Pre-breeding is the next major check-in for the heifers. At this point, they receive any boosters they need according to protocols.

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Breeding time is another point where Turner needs to be flexible in order to meet the goals set forth by each dairy. Turner starts breeding heifers at 55 to 60 percent of their mature weight. He requires each dairy to supply their own semen and, if they choose, clean-up bulls. Usually, Turner will synch the animals for A.I. using MGA and a prostaglandin shot.

However, if the dairy uses sexed semen, he allows the heifers to cycle naturally. This process also varies depending on the type of dairy he’s raising for. Confinement dairies want cows calving year-round, whereas grazing dairies tend to prefer to have a calving season giving them a much tighter breeding window.

With synched A.I., Turner averages 70 percent pregnant on first service, and 93 percent are pregnant after three services. After that, he sends in the clean-up bull to catch as many as he can. Some dairies are particular about which bulls each heifer is bred to, while others are less specific. Turner accommodates for this so the dairies can improve their herds as they see fit.

The dairies pick the heifers up a couple of months prior to calving. Most of them pick the animals up prior to Dec. 1, when the winter feeding starts and prices increase.

Throughout this process, Turner is monitoring the animals closely. He does this in a variety of ways, the most important of which is observation. Every weekend, his hired hand has time off, and it’s Turner’s job to feed the heifers. Instead of just dumping the feed and driving away, Turner steps back and watches them.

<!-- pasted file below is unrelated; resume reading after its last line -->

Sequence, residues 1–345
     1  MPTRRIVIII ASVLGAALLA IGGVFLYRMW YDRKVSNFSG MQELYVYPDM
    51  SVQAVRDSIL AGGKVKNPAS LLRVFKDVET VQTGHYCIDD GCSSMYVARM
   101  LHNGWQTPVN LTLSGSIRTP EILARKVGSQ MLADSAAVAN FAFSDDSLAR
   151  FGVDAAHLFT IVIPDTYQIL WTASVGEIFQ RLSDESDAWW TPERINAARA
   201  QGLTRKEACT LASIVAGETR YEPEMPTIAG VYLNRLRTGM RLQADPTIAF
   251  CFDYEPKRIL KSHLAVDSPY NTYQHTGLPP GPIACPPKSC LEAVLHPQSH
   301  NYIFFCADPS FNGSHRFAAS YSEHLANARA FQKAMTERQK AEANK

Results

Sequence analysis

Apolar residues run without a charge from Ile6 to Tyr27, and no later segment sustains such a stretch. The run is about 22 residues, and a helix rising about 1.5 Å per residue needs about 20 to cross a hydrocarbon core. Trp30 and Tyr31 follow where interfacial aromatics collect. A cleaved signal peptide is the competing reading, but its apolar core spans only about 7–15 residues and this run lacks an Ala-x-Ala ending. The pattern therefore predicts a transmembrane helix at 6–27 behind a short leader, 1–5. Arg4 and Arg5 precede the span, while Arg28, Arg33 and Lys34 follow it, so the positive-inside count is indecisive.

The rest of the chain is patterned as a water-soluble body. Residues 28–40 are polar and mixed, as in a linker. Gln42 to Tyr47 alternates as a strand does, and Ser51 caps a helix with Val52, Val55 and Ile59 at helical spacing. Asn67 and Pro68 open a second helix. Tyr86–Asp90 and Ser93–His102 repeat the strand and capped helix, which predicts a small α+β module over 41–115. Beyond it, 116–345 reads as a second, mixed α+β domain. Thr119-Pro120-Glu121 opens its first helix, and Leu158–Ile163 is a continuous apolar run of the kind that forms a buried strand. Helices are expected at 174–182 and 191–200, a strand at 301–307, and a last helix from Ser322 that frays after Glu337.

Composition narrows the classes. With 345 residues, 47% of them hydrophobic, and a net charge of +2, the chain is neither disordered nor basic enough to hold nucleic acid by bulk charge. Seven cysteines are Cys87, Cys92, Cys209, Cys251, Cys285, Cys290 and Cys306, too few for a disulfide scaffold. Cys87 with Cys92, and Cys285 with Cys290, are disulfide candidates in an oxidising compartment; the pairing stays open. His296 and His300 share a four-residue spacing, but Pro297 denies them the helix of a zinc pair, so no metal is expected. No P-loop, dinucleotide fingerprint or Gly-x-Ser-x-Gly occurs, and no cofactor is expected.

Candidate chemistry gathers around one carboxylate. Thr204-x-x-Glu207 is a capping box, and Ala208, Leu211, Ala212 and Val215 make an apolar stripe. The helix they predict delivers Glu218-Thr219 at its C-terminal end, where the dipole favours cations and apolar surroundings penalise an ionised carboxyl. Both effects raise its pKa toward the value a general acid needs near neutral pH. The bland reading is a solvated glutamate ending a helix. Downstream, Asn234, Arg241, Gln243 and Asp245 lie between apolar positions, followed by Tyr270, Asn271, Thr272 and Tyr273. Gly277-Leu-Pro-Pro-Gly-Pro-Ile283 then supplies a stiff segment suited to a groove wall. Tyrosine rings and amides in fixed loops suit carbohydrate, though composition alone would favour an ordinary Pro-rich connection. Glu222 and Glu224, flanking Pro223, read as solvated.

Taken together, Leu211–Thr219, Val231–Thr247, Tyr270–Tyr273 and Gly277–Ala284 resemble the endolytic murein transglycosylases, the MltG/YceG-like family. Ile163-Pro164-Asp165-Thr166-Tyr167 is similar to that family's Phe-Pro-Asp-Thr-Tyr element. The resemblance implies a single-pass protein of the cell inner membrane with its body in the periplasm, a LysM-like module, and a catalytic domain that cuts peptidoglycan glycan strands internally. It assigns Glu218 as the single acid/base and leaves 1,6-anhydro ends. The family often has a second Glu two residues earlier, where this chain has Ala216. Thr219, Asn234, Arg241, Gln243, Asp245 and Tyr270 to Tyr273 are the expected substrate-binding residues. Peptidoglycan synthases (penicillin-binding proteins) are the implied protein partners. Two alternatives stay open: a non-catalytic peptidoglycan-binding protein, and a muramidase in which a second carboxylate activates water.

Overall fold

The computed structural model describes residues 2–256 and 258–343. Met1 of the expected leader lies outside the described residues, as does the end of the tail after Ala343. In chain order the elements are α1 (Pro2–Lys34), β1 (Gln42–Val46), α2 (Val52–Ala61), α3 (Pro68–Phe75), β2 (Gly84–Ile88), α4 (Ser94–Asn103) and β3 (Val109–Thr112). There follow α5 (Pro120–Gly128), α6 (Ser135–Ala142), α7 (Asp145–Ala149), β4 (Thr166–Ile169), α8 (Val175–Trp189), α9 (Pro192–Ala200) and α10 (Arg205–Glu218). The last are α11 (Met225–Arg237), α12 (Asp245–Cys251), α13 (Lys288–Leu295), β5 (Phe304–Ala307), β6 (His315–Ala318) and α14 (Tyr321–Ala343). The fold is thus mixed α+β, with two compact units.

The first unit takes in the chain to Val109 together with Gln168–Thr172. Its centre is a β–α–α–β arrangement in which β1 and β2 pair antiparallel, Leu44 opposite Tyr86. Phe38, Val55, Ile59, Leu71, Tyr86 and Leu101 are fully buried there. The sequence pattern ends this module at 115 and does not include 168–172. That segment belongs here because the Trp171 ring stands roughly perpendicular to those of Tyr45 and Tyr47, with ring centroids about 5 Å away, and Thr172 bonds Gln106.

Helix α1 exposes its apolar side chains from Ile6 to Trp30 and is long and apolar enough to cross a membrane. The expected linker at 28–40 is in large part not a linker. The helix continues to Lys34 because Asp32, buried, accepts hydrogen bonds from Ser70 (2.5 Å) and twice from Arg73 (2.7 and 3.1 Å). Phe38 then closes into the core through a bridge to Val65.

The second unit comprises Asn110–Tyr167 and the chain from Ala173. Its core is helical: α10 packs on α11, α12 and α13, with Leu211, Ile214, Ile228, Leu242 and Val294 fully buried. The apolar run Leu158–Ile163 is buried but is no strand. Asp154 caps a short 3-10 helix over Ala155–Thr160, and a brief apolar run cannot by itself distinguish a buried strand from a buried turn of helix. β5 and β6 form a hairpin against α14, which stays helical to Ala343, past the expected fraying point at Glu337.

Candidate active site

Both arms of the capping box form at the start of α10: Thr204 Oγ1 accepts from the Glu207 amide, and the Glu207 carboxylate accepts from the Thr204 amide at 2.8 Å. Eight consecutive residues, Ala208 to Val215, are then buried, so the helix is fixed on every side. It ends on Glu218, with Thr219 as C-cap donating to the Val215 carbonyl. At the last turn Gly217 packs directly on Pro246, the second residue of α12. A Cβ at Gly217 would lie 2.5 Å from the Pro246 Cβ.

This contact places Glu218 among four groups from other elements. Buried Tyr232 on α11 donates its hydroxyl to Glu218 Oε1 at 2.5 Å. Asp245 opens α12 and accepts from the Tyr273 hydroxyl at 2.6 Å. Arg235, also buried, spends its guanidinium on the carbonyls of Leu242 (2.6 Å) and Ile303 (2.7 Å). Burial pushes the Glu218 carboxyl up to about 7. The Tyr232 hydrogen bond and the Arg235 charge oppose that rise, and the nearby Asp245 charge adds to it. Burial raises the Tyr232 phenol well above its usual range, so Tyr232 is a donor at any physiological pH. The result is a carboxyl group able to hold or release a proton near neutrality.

He takes notes and looks for animals who aren’t competing for bunk space, sick animals, underconditioned animals and anything else that could be a sign an animal isn’t thriving like it should. In addition, he closely monitors the heifers’ weights and any inputs.

“If you don’t measure it, you can’t manage it,” Turner says. “When you measure it, then you know where you’ve got to go. You’ve got to give the animal the opportunity to express their genetic potential, but you’ve also got to give the manager the opportunity to express his potential, too. If he doesn’t have facts and figures and numbers in front of him, he can’t effectively do that.”

But most importantly, Turner maintains an open line of communication between parties. If their heifers have issues when they arrive, he talks with the dairy to learn what went wrong and how they can improve in the future. Likewise, when the dairies take their animals back, they talk with him about any problems they see and work out a solution.

Once a month, Turner sends the dairy a report on their animals, and the dairy is always welcome to visit and check on their animals. However, after the first year, Turner says the dairies tend to check in less and less frequently as they gain confidence in Turner’s ability to raise a quality animal.

At the end of the day, it’s all about the heifers and creating an environment where they can thrive.

“There are lots of different types of arrangements that dairies have with their growers,” Turner says. “It can be spelled out in a dozen different ways. As long as it’s written down and everybody understands what the process is, that’s the important part – that we don’t sacrifice the animal and the animal’s health in the process.” PD

PHOTOS: Photos by Jenna Hurty.

Jenna Hurty